1. Brush up on your selling skills
As a freelancer, potentially for the first time in your life, you will need to sell. Yes, you may need to become a sales person. What will you sell? You will be selling what you can deliver for the other person’s organisation. If the thought of this fills you with dread, you need to consider very carefully how you will gain your work — you may be better suited to working through recruitment agencies.
2. Strengthen and grow your network
There are statistics that suggest that 80% of all vacant positions are not advertised formally. It is just the same with freelance assignments… they tend not to be advertised. It will be who you know more than what you know. Who within your personal and professional network is most likely to be able to help you find your first, second and third gigs?
3. Work out your business model
How do you want to operate as a freelancer, as a professional interim, or an associate, or the boss of your very own business? There is no reason why you can’t be all three, but it pays to work out your ideal business model in advance and stick to it.
Then, there is the sticky question of what you will charge. Will you target an hourly rate, or look for a day rate? How much you will price by value… or will you take what you can get from? In answer to these questions, do your research before you decide on a charging model.
4. Build up your Intellectual property
When a company hires a freelancer or external supplier it is because they don’t have the skill set internally to do the work. Therefore, you need to keep your knowledge fresh and up-to-date. For example, my brother is a freelance programmer in the telecommunications business. He needs to keep his knowledge fresh about any technological advancement in the telecommunications sector. As a freelancer you need to personally invest in your own professional development — and work this cost into any budgeting or business plan that you write.
5. Identify potential clients that may come with you
It’s much easier to start up as a freelancer or small business with a ready-made client list. How many of your current clients would be interested in following you? Be aware that many professional services firms will ban you for a period of time from contacting clients or poaching employees. This can be got around… but it is better to gauge interest about clients that will come with you before you resign rather than after. Chances are that after you resign you may be given gardening leave and assertively asked not to contact your existing clients.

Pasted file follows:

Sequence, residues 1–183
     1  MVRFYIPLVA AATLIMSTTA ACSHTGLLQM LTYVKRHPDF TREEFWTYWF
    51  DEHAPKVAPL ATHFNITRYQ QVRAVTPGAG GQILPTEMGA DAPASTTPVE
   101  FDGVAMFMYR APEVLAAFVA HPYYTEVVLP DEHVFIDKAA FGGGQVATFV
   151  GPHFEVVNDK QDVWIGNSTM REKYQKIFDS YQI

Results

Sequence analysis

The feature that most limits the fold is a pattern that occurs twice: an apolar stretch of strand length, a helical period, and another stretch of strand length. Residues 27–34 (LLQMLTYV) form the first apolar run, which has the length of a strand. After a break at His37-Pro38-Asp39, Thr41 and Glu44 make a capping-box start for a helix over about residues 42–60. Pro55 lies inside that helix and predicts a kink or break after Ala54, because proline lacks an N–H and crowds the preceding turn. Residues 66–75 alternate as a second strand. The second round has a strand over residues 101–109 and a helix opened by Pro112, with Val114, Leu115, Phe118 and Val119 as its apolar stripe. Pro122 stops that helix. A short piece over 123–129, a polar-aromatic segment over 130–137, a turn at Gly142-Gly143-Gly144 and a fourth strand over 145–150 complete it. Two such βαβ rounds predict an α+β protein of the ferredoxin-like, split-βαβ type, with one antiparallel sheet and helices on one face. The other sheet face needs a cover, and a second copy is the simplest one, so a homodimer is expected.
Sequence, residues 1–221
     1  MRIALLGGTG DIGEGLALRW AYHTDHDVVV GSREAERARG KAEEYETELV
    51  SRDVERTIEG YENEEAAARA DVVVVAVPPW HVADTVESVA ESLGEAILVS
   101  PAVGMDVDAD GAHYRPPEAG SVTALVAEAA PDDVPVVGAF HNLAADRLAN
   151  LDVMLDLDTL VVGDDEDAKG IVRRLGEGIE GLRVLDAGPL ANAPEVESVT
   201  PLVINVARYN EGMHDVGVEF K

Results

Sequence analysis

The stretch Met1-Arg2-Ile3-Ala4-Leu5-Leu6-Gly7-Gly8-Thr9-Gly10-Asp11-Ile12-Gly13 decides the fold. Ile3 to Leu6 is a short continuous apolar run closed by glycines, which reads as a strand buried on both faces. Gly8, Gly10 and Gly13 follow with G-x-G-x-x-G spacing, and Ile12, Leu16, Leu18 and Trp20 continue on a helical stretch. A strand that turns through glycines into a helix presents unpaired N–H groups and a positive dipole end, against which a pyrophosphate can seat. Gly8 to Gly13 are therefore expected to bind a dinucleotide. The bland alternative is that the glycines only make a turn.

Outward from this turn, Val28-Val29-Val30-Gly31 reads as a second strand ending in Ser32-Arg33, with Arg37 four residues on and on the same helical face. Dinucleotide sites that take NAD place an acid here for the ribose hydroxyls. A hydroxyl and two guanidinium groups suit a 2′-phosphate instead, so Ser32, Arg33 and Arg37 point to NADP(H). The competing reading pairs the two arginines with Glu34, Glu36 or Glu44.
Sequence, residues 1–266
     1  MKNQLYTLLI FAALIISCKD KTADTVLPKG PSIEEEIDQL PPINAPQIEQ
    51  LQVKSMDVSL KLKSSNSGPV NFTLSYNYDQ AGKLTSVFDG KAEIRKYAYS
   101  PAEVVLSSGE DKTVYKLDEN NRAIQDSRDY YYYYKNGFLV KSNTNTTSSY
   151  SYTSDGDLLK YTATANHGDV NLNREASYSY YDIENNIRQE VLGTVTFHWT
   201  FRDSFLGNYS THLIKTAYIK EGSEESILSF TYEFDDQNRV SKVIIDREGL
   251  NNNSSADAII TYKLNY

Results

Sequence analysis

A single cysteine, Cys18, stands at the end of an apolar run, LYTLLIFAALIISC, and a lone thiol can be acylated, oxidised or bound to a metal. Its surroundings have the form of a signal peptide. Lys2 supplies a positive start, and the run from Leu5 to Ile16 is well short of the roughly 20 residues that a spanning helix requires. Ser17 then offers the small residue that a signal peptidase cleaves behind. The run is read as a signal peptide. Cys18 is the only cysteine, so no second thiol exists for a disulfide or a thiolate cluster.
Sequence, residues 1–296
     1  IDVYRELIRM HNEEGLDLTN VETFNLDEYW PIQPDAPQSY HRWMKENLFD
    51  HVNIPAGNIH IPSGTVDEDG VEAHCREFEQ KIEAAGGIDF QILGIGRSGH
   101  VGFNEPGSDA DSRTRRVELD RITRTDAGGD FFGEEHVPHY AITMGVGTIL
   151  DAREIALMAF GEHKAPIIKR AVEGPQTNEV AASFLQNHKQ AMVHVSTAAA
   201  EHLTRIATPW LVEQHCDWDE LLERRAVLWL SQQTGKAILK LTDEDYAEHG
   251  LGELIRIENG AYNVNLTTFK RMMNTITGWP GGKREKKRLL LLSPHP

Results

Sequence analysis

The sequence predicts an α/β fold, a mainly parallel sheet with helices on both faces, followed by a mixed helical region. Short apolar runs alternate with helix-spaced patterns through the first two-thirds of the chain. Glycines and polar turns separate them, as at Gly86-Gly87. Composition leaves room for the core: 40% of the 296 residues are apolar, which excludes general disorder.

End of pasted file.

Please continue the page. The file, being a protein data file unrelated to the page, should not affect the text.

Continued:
6. Work out what you will delegate
As a freelancer there will be tasks that others can do better for you and at a fraction of the cost of your hourly rate. For example, many book keepers will charge £15 per hour to do your books, this is potentially significantly less than your personal charge out rate. You need to work out what to delegate and outsource to others to keep you financially efficient.
7. Identify your routes to market
You don’t have the luxury of a monthly pay check any more. So, how will you go about generating work for yourself? Will you rely on recruitment consultants to find you your next assignment? Will you focus on generating referrals? Will you work alongside another freelancer? Do you really need a website?
8. Consider your legal status
Sole trader or limited? Which is right for you? This is a question that is best answered in conversation with a qualified accountant. Be aware that if you gain your work via agencies then you will probably need to be limited.
How about downloading your free copy of my Joined Up Networking toolkit, or Networking Plan, Relationship Plan or even a step-by-step guide to writing your own marketing plan.